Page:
I haven’t been to Israel in six years. That might not sound like a lot of time to some people, but might sound like an eternity to others. But with my 30th birthday around the corner, it means that the last 20 percent of my life has been Israel-free. In fact, I’ve spent significantly more time in Australia and Yellowstone National Park.
A few months ago, I became aware of a new app called “Israel365,” which delivers magnificent daily photos of Eretz Yisrael and Bible lessons pertaining to the photo of the day. However, I ignored it as I felt it would leave me yearning for a trip to the Holy Land that didn’t seem to be happening anytime soon. My grandmother says, “You never know,” and as it turns out I will be going to Israel this summer with Camp Lavi. So do I install the Israel365 app? Absolutely!
According to United with Israel’s Rabbi Tuly Weisz, who developed the application, “Israel365 promotes the colorful beauty and significance of Israel instead of the conflict-ridden black and white landscape the traditional media emphasizes.” He added that, “Using innovative technology, the Israel365 app brings the diverse vibrancy of Israel to life in a modern and meaningful manner.” For the most part this certainly proves true. Personally, I was not the biggest fan of a weeks worth of agricultural shots. But I get it, it was Tu B’Shevat, so it makes sense. I have enjoyed the nature shots of an ibex, a great close-up of a bee sucking nectar from a flower, an Ein Gedi waterfall, and one shot even has me restructuring my teen tour so we might be able to see the Banias Springs in the Golan.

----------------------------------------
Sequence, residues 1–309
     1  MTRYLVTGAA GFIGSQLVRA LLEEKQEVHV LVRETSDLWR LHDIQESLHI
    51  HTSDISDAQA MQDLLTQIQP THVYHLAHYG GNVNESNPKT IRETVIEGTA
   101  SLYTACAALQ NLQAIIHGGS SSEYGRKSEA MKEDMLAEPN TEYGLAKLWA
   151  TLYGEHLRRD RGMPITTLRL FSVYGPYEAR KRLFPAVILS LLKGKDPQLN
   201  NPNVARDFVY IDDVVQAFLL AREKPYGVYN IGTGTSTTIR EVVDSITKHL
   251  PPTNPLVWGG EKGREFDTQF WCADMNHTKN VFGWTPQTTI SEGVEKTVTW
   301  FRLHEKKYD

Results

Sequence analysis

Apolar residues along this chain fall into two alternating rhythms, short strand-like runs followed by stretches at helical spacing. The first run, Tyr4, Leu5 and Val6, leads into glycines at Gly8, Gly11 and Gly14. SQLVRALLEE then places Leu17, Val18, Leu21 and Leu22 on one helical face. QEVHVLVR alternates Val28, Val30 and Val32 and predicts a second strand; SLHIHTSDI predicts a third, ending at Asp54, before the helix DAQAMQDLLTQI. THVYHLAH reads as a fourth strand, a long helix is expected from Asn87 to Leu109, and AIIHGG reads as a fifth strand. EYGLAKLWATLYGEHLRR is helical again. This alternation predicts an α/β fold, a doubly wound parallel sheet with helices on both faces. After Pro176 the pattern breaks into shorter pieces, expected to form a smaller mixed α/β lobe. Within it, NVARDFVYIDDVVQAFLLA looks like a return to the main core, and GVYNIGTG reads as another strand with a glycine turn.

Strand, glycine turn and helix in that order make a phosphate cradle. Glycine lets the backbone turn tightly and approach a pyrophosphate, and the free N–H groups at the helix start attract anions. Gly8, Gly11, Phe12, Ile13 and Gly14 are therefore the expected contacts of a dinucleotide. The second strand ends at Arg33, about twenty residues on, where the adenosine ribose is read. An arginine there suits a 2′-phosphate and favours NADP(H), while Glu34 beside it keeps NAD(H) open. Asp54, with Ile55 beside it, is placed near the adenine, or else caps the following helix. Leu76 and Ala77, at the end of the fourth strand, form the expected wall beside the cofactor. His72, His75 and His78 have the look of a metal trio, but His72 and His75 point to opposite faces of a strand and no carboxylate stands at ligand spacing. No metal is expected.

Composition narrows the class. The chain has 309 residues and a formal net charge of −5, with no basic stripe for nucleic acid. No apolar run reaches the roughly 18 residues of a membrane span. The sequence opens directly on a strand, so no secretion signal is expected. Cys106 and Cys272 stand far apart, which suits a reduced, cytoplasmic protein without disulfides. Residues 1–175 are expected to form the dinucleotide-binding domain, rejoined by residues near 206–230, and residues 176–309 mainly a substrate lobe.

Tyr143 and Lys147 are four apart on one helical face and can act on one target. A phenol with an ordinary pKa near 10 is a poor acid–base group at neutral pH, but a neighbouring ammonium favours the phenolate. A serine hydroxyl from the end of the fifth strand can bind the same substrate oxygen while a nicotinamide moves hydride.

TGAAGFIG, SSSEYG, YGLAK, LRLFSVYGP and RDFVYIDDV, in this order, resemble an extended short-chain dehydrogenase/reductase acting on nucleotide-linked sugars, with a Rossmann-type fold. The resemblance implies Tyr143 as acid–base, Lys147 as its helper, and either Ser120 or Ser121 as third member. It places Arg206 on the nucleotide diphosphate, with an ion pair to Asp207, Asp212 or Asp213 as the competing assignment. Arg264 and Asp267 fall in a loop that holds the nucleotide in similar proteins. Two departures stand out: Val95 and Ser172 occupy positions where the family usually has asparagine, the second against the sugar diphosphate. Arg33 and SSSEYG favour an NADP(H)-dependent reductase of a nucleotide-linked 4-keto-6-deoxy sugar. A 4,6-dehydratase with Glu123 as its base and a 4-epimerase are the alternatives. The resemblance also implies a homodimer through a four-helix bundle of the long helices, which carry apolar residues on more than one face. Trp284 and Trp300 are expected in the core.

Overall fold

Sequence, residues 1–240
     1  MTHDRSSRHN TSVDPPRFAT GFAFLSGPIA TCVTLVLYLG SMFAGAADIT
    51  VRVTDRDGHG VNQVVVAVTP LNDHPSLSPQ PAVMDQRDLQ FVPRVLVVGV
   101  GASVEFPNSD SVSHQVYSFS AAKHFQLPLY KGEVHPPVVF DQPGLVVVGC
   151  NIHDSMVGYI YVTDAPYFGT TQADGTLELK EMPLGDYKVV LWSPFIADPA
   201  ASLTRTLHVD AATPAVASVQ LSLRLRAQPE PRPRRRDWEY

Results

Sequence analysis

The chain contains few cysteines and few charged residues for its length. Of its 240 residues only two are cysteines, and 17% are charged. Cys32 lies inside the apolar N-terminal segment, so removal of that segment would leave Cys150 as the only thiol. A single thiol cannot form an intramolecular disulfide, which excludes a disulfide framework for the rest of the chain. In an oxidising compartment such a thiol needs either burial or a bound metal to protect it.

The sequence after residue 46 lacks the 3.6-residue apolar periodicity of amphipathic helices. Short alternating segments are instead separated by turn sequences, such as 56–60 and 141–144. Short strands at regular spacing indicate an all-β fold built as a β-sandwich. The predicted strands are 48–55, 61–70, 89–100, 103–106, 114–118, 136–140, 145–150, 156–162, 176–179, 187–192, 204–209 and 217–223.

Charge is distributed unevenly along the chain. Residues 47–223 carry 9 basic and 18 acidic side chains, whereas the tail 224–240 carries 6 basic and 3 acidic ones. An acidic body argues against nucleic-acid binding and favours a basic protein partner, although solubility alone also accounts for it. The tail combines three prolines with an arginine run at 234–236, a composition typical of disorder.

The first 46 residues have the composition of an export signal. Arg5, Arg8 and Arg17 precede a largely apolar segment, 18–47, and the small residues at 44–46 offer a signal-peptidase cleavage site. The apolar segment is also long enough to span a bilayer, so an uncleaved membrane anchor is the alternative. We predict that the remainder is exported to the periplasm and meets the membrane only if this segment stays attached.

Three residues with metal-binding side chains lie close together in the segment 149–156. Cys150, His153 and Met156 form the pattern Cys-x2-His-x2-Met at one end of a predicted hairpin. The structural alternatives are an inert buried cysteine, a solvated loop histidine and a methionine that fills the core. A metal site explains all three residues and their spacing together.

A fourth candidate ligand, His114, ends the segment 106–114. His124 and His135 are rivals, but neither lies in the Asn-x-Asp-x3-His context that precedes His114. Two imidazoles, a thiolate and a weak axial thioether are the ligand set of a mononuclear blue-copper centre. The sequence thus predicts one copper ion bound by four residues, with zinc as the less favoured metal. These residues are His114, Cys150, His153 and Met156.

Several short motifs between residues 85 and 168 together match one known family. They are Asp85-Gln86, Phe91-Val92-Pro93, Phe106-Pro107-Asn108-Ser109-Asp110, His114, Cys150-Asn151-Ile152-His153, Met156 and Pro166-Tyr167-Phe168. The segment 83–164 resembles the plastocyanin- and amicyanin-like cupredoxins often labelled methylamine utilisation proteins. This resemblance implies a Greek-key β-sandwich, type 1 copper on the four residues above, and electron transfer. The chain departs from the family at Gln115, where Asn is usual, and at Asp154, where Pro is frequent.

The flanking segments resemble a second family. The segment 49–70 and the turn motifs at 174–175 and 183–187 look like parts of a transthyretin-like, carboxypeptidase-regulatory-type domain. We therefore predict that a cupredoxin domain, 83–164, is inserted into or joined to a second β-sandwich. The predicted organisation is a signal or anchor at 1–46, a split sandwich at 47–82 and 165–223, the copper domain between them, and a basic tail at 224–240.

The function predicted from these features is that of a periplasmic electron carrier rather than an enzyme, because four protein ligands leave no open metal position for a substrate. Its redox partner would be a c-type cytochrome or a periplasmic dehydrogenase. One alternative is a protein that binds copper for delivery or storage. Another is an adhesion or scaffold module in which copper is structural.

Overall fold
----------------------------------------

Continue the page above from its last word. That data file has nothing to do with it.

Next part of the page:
Unlike previous apps I’ve written about, there is one simple reason why everyone with an iPad, iPhone or iPod touch should download this app: It’s free! Maybe it’s because I’m getting excited to get back to Israel, but I’ve found that this app can be a real pick-me-up. It’s somewhat exciting to see what image each day will bring, and I definitely enjoy the anecdote or history lesson that goes along with the image. A few of the Torah verses associated with the pictures might seem like a stretch, but the vast majority do a fine job of connecting the photo with Tanach.
One flaw I found with the app is that we are left guessing where a few of the photos were taken. February 5 featured a stunning shot of rays of sunlight penetrating a heavily clouded sky over a hilltop and body of water that might be the Kinneret. But I’m not completely sure, as there was no “About This Photo” section that the majority of the other images have. The app also doesn’t flip vertically, but you get used to using it horizontally. (The photos actually look better like that.)
Israel365 has a few other features of note. The Torah verses are both translated into English and transliterated. One can save the pictures onto his or her phone (a feature I particularly appreciate) or post them directly onto Facebook within the app. If one is especially enamored with an image, there is a link to order prints directly from SmugMug (prices vary based on size).
I enjoy apps that offer something new every day. It gives me something to look forward to. This app has gotten me excited to not only see its daily images, but to also experience them this summer.
The app is made available by United with Israel, and those without an i-device can still see the images and Torah/history lessons by visiting www.unitedwithisrael.org.Yoni Glatt